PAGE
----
The Land on Which We Stand

 

Lately I’ve had a strange recurring thought.

What was China before it was China, or for that matter what was any country before it was named? Was it simply just ‘land’ before it became ‘territory?’ Was there ever a time when it was just inhabited as opposed to fought over and possessed? Did people ever allow strangers to enter and wander through, crossing safely to the other side? When were borders, guards, searches, quarantines, passports and body checks established and for what reason, really?

We Come in Peace

The majority of people enter and leave a country without malice on their mind. Just like you and me they want the adventure of travel, to do business or catch up with family and friends.

If the reality is that only a significant minority cross the border of an alien land intent on doing harm to those that live there, such a small fraction in fact, that their names, addresses, shoes sizes, likes and dislikes, favorite colour and horoscopes are known to the agencies which police the same borders, then why does everyone have to suffer?

Isn’t it time to separate them from us? Give the innocent traveler respect due and focus restrictions on those whom the authorities know come with negative purpose and bad intent.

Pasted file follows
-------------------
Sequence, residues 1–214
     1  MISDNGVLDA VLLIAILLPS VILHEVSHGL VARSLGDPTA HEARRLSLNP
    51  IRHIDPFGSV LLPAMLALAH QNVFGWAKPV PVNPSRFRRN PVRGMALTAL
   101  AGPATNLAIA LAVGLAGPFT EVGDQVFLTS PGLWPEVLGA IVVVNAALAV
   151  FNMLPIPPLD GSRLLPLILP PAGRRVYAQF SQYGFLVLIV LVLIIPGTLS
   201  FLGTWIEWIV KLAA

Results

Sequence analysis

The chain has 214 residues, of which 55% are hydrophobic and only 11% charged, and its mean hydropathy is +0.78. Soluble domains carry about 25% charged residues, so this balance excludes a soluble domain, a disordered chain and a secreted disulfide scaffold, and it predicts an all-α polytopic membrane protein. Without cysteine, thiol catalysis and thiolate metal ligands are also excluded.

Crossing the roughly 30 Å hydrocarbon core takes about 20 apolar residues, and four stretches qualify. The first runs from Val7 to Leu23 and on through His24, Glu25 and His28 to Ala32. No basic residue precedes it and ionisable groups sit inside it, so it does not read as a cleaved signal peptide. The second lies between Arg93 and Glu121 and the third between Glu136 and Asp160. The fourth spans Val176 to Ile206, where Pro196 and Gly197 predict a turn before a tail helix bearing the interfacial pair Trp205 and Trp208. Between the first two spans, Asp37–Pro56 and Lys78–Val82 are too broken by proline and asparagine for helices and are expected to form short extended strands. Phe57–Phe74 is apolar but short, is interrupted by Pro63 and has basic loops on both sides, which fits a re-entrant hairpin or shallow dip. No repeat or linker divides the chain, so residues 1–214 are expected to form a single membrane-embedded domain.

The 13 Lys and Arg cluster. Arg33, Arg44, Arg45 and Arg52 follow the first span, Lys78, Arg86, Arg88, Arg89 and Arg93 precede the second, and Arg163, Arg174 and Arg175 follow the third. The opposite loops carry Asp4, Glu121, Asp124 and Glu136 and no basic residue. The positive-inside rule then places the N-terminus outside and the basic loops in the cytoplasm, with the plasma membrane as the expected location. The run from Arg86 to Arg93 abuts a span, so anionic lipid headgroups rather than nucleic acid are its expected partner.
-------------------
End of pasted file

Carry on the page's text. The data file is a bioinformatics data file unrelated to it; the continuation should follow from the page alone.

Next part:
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China’s beautiful land 

New Horizons

Travel broadens the mind but world rulers seems to do everything they can to restrict us. Is there a broader purpose at play? Would seeing too much of other cultures promote understanding making it apparent that the differences that separate us are really just perceptions and not reality?

Ordnances and Sub-Ordances

Frequently I hear tales of just how hard it is to make the leap toward a new life of work and study abroad and often the language barrier is the least problem. Being born in some countries subjects you to a set of complex rules and regulations. The system has been set by anonymous people who grant or deny the right to travel. This same system dictates how long you may stay away and on what terms you can leave.